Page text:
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Virtual offices on the go

Virtual offices on the go

When virtualisation goes mainstream.

Sumit Dhawan, vice president, desktop virtualisation, Citrix Systems, leads strategy and plans for Citrix's desktop virtualisation product line, Citrix XenDesktop. Dhawan has been one of the key leaders in driving product, marketing and go-to-market strategy for XenDesktop product and has positioned Citrix as a leader in the desktop virtualisation market. In his current role, Dhawan is also responsible for key strategic alliances for Citrix in the desktop virtualisation market, including partnerships with Microsoft, Cisco, NetApp, Dell and HP.

In an exclusive interview with MIS Asia's online editor, he talks about the state of virtualisation, the impact of tablets on virtualisation and Citrix's growth in the Asia Pacific region.

Between last year and this, what will happen so magically that desktop virtualisation will go mainstream? What is the basis for this enthusiasm?

In the Asia Pacific, organisations are increasingly turning to desktop virtualisation to change the game in security, continuity and business agility. A worldwide survey (Gartner, Inc., Report Highlight for User Survey Analysis: Desktop Virtualisation is Top PC Investment Priority for 2011, 19 October 2010, ID:G00208354) conducted by Gartner among IT decision makers in companies with 1000 or more employees from June to August 2010 indicates that desktop virtualisation is still among the top investment priorities for 2011.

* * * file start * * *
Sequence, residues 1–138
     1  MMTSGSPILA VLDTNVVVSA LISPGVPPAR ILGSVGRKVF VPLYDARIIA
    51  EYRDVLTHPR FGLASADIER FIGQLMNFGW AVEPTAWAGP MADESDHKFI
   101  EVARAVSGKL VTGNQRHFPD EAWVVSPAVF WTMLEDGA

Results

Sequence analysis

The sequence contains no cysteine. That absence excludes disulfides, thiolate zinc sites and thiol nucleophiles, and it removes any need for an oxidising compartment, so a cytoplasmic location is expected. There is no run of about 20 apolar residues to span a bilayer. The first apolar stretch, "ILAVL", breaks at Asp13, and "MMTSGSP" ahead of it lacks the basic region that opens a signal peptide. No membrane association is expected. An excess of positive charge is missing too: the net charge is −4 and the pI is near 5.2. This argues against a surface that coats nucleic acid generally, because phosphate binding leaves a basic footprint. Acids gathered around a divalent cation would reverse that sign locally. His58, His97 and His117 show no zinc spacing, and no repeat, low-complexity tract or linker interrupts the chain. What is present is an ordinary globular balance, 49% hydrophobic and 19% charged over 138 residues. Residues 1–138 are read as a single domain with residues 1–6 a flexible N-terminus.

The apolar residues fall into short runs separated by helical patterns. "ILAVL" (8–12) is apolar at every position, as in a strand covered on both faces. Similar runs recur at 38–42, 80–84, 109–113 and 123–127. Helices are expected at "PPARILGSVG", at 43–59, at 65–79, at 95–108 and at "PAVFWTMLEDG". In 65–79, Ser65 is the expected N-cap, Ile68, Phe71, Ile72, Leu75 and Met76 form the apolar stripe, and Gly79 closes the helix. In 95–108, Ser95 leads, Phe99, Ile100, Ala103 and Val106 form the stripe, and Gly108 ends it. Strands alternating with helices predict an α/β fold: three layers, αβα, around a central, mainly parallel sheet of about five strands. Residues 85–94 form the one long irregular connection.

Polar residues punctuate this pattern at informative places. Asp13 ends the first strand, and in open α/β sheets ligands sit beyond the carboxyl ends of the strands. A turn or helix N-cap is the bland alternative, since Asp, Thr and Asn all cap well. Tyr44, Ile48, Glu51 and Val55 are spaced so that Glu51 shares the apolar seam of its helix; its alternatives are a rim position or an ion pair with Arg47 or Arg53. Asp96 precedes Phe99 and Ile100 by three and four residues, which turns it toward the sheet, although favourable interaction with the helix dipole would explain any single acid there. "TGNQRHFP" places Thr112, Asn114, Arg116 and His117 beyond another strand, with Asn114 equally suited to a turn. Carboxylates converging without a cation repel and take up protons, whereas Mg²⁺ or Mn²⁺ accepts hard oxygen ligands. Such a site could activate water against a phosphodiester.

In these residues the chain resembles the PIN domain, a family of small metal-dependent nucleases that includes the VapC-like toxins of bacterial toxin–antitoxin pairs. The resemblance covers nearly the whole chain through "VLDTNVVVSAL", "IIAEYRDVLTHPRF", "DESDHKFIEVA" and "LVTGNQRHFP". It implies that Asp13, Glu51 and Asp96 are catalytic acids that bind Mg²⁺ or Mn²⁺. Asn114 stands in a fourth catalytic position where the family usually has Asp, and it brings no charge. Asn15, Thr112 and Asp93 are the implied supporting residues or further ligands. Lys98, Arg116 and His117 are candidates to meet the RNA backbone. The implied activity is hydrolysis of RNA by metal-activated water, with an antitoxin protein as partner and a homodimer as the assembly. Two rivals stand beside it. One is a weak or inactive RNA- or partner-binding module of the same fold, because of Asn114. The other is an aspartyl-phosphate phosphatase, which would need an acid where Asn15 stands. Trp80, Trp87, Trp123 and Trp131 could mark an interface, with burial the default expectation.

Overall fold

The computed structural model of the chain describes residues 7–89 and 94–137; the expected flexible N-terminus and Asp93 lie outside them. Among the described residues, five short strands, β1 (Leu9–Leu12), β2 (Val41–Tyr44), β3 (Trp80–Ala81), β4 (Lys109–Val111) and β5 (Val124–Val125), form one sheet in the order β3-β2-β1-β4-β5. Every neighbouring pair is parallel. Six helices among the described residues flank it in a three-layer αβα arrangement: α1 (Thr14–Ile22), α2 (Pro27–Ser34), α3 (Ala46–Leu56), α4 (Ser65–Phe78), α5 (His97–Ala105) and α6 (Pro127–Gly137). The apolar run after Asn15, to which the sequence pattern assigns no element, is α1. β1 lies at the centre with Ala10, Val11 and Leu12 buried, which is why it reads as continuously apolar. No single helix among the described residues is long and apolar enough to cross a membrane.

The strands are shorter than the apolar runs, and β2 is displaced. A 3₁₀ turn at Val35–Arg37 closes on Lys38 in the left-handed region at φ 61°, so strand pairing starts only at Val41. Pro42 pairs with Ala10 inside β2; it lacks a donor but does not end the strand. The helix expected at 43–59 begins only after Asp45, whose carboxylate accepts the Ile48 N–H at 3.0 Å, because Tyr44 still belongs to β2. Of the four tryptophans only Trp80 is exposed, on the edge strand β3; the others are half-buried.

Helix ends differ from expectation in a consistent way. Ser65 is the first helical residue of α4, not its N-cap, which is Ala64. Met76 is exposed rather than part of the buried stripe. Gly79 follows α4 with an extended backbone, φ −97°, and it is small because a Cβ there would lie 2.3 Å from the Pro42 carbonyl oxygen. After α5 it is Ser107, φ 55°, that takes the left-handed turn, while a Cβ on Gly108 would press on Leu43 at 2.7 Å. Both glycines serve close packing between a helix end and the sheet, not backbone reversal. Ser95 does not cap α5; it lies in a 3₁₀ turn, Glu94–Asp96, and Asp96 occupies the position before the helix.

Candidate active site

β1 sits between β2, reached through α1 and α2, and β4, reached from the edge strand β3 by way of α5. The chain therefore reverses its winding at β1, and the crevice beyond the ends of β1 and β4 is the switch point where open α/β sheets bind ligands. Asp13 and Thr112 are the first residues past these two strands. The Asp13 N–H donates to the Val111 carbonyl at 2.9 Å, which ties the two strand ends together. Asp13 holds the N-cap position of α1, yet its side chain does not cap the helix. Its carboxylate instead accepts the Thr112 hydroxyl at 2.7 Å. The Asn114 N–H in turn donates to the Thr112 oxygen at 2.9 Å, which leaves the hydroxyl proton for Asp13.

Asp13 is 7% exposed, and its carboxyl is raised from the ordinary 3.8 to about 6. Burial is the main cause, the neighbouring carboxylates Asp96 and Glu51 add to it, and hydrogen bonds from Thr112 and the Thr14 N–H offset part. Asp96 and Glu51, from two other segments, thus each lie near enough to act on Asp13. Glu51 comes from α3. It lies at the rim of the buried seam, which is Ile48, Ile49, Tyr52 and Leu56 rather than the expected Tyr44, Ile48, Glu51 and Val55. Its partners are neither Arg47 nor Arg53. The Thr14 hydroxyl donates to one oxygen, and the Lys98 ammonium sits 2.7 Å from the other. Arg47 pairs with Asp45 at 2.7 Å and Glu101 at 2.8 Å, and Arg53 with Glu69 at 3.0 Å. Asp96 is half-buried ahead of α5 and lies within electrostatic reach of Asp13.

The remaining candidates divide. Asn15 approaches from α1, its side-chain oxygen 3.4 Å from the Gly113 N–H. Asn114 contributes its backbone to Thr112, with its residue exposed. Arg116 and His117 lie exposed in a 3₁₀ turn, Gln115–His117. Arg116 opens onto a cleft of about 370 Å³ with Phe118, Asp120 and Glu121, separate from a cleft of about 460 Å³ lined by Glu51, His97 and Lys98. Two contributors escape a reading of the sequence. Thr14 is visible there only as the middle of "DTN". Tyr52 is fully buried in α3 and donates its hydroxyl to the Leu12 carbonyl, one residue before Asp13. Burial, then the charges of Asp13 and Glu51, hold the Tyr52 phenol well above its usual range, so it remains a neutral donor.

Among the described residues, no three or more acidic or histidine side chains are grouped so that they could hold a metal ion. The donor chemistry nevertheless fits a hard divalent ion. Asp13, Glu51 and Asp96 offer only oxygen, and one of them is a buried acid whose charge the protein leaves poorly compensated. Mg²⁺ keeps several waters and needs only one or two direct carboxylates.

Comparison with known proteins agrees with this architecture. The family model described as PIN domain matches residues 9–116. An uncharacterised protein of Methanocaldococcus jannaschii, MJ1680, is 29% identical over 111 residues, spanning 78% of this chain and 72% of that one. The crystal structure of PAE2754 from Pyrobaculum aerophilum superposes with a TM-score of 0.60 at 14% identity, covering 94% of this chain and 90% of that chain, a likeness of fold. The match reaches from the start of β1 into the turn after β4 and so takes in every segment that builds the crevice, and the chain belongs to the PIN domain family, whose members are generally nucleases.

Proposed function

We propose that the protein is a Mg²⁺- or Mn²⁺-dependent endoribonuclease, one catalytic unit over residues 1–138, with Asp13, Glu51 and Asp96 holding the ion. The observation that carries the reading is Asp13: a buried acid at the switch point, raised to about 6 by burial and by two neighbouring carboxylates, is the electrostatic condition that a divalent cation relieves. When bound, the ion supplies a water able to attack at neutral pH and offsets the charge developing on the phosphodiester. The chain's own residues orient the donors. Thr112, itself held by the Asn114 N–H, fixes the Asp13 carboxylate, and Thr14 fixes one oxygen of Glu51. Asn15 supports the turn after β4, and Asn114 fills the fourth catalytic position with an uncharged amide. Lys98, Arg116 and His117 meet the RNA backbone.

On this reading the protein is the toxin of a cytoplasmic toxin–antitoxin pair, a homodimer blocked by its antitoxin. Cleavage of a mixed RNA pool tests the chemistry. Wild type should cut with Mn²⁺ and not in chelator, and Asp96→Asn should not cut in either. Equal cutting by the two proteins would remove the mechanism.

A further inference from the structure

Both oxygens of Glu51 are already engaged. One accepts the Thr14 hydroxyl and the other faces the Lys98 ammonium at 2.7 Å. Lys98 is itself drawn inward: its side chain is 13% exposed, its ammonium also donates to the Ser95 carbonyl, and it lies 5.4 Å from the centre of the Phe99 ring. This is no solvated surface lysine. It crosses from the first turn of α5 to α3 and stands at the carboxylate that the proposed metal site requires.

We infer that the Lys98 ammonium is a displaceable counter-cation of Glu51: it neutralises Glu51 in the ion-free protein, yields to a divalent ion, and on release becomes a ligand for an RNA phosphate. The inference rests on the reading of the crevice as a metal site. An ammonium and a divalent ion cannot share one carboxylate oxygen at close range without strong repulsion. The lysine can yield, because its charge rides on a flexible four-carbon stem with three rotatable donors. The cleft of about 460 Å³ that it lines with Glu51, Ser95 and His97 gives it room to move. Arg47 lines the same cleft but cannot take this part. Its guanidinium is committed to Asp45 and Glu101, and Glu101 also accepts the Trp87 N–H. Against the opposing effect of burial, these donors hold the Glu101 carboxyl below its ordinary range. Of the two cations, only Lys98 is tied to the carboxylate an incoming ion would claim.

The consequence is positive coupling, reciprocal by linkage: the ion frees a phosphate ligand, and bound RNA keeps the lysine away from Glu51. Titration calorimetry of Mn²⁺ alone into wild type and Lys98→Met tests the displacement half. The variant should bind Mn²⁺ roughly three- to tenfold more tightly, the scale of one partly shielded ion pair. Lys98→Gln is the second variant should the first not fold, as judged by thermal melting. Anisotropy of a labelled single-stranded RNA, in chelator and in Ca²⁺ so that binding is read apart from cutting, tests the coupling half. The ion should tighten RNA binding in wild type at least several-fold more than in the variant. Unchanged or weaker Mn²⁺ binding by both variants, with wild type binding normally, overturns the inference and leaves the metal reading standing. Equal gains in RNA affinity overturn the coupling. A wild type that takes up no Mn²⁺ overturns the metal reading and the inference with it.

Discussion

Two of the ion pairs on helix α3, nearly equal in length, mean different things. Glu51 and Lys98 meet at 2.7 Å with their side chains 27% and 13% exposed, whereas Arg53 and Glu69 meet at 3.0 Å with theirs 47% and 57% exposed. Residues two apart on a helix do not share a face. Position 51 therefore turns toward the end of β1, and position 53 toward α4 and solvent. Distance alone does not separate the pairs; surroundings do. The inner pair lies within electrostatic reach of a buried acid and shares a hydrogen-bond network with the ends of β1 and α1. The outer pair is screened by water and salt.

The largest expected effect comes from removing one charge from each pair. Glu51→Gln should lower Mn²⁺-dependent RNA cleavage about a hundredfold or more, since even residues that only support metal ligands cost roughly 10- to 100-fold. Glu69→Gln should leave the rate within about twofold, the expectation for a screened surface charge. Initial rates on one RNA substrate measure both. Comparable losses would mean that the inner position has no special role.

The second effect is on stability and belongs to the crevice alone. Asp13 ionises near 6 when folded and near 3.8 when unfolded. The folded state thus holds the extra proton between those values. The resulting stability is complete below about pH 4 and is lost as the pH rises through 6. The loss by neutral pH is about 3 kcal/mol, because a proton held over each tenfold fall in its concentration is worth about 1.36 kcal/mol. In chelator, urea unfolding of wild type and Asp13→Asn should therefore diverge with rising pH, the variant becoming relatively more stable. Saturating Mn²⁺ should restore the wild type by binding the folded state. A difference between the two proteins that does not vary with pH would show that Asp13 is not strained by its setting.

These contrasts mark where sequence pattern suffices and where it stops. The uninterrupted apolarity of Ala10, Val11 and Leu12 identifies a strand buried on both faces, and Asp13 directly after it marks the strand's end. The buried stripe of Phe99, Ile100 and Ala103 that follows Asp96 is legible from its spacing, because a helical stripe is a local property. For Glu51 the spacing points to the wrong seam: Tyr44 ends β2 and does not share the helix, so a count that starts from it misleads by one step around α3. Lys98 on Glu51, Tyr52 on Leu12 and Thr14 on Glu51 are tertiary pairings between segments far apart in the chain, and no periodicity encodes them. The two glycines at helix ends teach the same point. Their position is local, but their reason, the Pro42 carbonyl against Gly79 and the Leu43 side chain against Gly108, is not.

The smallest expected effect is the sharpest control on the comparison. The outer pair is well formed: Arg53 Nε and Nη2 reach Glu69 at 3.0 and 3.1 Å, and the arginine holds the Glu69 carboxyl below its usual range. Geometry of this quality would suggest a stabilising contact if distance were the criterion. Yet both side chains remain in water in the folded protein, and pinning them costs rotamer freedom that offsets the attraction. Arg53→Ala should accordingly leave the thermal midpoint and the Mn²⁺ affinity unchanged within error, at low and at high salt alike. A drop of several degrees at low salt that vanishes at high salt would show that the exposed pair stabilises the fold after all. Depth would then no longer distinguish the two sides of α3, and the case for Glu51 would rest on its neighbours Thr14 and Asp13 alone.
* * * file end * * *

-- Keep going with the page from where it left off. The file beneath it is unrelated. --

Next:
Coming into 2011, Citrix sees three trends that are driving desktop virtualisation mainstream: IT is being transformed into an on-demand service, enterprise IT is becoming more consumer-led, and hybrid clouds are expected to dominate enterprise cloud computing adoption.

As the adoption of cloud computing becomes more widespread, and organisations begin to better understand the business advantages of infrastructure-as-a-service and desktop-as-a-service, we will see cloud computing and virtualisation become an accepted part of the enterprise toolkit.

In addition, the growing number of consumer-based devices being used in the enterprise today is forcing organisations to consider new ways of delivering IT services, such as desktops and applications. A survey conducted with Citrix customers earlier in December 2010 found that almost half of all 4,951 respondents were already using the iPad daily at work. The end-user is increasingly driving IT adoption, blurring the line between corporate IT and consumer devices.

As access to applications and data from all devices becomes a business imperative, desktop virtualisation will be the key.

The new year has started with a tsunami of announcements on tablets. Do you think this will weaken or strengthen the push for virtualisation?

The huge growth of consumer technology like tablets, combined with a new generation of tech-savvy workers who increasingly demand to run company software and services on personal devices will progressively command more of the IT managers' attention and spur desktop virtualisation.